Close Up Of Man Making Protein Shake After Exercise At Home

You Probably Need to Eat More of This

Protein might just be the most important thing you’re not eating. Some say that when it comes to nutrition, protein is king. The ancient Greeks seem to have thought so. The word proto means “first.”

Why is protein the prized portion of human nutrition? Mainly because of all the processes it contributes to. It helps build and maintain muscle and strength, makes hair, blood, connective tissue, antibodies to keep you healthy, and more.

But intake can be highly controversial. Some suggest North Americans eat too much protein. Others contend people aren’t eating nearly enough. So, what should you do?

The recommended daily intake for protein is 0.8 grams (g) per kilogram (kg) of body weight. That amount will meet basic nutritional requirements, which means you’re not deficient. But eating more of it, particularly if you’re an older adult, may offer benefits.

Some suggest boosting that amount much higher, by about 50%, for older adults. The reason behind this thinking is that protein requirements go up with age as muscle loss (sarcopenia) and strength loss set in. Further, protein may work to prevent osteoporosis.

Boosting protein intake to these levels means getting between 1g and 1.3 g per kilogram of body weight, which brings up a rather important question: how are you going to get that much?

Most North Americans consume the bulk of their daily protein during dinner. The piece of chicken, fish, or beef on their plate is certainly a great source of protein, but you’re unlikely to hit targets with it. And it’s doubtful you’ll be doubling your portion.

Some experts suggest consuming protein throughout the day is the best way to hit targets and give your body a steady supply.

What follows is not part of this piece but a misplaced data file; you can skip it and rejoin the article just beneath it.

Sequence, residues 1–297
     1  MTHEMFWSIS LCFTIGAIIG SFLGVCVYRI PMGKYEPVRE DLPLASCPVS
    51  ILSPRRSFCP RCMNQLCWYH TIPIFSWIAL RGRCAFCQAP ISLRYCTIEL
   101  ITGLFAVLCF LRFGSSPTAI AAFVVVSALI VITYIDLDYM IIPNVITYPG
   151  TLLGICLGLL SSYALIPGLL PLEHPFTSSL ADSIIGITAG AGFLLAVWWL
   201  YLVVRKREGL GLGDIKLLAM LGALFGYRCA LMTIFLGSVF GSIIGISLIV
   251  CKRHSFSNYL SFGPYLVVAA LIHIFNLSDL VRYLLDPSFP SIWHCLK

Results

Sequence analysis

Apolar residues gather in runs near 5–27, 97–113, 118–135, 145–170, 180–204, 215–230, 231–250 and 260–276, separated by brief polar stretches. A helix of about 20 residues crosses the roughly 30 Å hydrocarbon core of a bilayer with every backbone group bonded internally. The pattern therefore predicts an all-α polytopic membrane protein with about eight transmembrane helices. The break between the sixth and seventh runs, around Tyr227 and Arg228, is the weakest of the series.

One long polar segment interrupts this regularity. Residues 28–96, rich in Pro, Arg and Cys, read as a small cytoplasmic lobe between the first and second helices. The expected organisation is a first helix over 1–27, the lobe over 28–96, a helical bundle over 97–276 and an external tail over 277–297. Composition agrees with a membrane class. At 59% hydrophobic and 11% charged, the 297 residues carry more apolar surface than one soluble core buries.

One thing to keep in mind with protein is where you’re getting it. Yes, red meat is an excellent source of protein, but it’s not something you want to eat every day. Therefore, looking for sources with low saturated fat is ideal. Some great sources include:

  • Fish (tuna, salmon, etc.)
  • Lean poultry (chicken/turkey breast; skinless chicken thighs, ground chicken/turkey)
  • Lean meat (eye of round, filet, etc)
  • Greek/Icelandic yogurt
  • Whey

Looking at the other nutrients you’re getting with your protein is also important—it’s about the total package. Therefore, looking to plant sources like quinoa, nuts, beans, and legumes, are all excellent options to add to protein totals.


Author Bio

Devon Andre has been involved in the health and dietary supplement industry for a number of years. Devon has written extensively for Bel Marra Health. He has a Bachelor of Forensic Science from the University of Windsor, and went on to complete a Juris Doctor from the University of Pittsburgh. Devon is keenly aware of trends and new developments in the area of health and wellness. He embraces an active lifestyle combining diet, exercise and healthy choices. By working to inform readers of the options available to them, he hopes to improve their health and quality of life.

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https://pubmed.ncbi.nlm.nih.gov/16886097/
https://www.health.harvard.edu/blog/how-much-protein-do-you-need-every-day-201506188096

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